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Why Solar-Manufacturer Earnings Will Crush Expectations

Earnings season is nearly here in the solar industry, and the stakes are high for solar investors. SunPower Corporation (NASDAQ: SPWR), First Solar, Inc. (NASDAQ: FSLR), JinkoSolar Holding Co. (NYSE: JKS), and Canadian Solar Inc. (NASDAQ: CSIQ) have all surged in the last three months as investors have gotten bullish on solar earnings. 

There's even a possibility these stocks have further to run. I think the evidence is mounting that solar stocks will crush expectations this earnings season. 

SPWR data by YCharts.

A big rise in short-term demand

There's a lot of evidence recently that the second quarter -- and potentially third quarter -- of 2017 will see much higher solar demand than anyone expected. China's policies have led to a surge in installations, and the Suniva trade case making its way through the U.S. government is causing developers to push up their own construction and purchasing time lines. 

This has two impacts on solar-panel manufacturers. The first is that panel prices go up short term. There have been reports that prices are up on the spot market -- and that would help all solar manufacturers. Axiom's Gordon Johnson has also reported that he believes First Solar is selling panels at $0.50 to $0.60 per watt, a notable jump from commodity panels selling for $0.35 to $0.40 per watt at the end of 2016. Higher prices would definitely lead to higher margins for those who have capacity that's not already sold out.

Not only are panels being sold for more than expected, but I think we'll see some manufacturers delay manufacturing shutdowns and produce more panels in 2017 than they expected. First Solar and SunPower are shutting down or upgrading their manufacturing lines, and anything they can keep running to take advantage of the current pricing environment would be a positive. Canadian Solar and JinkoSolar may even be at higher utilization rates than they expected. 

Combine the increased prices and volumes and we could have huge earnings beats on the bottom line. And most analysts haven't increased expectations, so investors may still be surprised how good the results are.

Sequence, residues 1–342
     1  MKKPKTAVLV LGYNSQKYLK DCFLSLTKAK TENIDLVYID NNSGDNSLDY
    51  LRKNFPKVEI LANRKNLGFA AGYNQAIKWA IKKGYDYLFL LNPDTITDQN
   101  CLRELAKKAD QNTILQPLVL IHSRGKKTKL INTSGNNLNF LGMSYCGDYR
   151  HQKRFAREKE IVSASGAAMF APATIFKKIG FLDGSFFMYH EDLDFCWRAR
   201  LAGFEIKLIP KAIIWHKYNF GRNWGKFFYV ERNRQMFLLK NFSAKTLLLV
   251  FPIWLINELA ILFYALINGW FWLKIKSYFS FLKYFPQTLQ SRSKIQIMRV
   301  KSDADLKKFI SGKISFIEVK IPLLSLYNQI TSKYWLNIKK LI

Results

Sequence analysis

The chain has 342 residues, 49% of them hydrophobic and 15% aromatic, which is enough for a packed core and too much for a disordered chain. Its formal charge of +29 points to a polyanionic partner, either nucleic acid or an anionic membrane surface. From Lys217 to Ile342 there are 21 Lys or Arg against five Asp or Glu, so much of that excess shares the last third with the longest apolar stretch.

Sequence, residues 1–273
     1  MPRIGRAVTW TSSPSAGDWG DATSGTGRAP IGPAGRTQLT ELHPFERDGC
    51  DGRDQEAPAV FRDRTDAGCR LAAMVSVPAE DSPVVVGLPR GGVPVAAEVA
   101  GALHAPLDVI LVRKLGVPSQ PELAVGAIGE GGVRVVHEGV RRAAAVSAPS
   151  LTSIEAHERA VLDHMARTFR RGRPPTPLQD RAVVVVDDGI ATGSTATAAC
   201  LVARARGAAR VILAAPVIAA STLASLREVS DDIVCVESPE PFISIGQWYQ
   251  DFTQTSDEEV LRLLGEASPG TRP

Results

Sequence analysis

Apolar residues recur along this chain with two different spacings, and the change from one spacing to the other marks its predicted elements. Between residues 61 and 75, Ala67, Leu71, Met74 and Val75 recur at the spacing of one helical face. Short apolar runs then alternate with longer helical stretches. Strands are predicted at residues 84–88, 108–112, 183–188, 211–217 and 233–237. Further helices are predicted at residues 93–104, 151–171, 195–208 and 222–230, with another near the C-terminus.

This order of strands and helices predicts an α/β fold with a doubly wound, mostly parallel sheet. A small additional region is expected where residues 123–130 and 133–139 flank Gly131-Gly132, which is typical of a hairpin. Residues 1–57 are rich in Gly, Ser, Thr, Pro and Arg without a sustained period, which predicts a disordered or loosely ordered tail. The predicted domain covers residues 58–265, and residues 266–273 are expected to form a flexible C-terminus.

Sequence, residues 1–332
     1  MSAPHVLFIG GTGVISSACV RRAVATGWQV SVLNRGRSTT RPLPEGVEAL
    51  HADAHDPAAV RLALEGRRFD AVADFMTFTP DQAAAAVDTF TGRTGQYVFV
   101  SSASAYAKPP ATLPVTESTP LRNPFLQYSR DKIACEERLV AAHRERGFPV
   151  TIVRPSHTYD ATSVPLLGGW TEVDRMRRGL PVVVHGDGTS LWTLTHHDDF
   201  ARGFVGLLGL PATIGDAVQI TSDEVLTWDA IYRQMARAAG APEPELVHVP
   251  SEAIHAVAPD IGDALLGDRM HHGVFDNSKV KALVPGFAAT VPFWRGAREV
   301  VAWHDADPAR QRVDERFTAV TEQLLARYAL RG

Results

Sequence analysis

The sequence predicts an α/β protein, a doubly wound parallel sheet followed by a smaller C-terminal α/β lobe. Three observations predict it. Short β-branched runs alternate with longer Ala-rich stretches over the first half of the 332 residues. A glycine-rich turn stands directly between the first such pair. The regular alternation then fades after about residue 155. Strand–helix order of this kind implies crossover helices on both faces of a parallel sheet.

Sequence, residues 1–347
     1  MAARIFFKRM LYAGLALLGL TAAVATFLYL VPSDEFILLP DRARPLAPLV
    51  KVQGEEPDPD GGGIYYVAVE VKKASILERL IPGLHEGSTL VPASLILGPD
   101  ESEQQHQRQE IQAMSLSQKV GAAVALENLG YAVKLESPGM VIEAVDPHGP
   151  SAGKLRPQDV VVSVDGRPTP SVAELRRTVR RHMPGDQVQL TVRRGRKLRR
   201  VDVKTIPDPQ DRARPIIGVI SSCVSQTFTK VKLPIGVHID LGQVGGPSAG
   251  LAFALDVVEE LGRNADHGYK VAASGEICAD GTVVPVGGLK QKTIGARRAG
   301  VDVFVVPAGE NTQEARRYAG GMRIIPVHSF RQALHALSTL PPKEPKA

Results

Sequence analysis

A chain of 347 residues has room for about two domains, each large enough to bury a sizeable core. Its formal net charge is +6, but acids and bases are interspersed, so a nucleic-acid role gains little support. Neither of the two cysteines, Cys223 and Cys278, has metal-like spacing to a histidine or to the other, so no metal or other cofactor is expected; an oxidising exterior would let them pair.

Image source: Getty Images.

Suniva trade case brings long-term uncertainty

The Suniva trade case is one of the short-term drivers of rising prices and demand. But long term, it's a thorn in the industry's side. Chinese manufacturers, like Canadian Solar and JinkoSolar, could be essentially shut out of the U.S. market if the $0.78 per-watt price floor on panels Suniva has asked for is put in place. There's almost no scenario where the trade tariff would be a positive for manufacturers in China. 

U.S. manufacturers could see a benefit, depending on what the tariff ends up looking like. First Solar has a manufacturing plant here that it could use to fill U.S. demand, but most of its manufacturing is in Asia. SunPower has a pilot line in the U.S. and a plant in Mexico, but it also manufactures most of its panels in Asia. The one advantage for SunPower is that a per-watt price floor would tend to favor its high-efficiency modules, which could lead to a windfall, depending on the final ruling. 

In other words, great results from solar manufacturers in the next two quarterly reports could be followed by a much weaker end to 2017 and early 2018, depending on the Suniva trade case. 

2017 was supposed to be the down year

The fact that solar manufacturers are likely to have fairly good results for the second, and maybe third, quarters is in sharp contrast to what I've called an abyss in the demand the industry expected in 2017. Manufacturers were just hoping to make it through 2017 to reach a more stable solar market in 2018 and beyond. But 2017 could be a profitable year, with global growth still expected to follow in coming years. 

As much as solar manufacturers have recovered in the last few months, there's still further room to run. I'm staying bullish on the solar industry.

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Travis Hoium owns shares of First Solar and SunPower. The Motley Fool has no position in any of the stocks mentioned. The Motley Fool has a disclosure policy.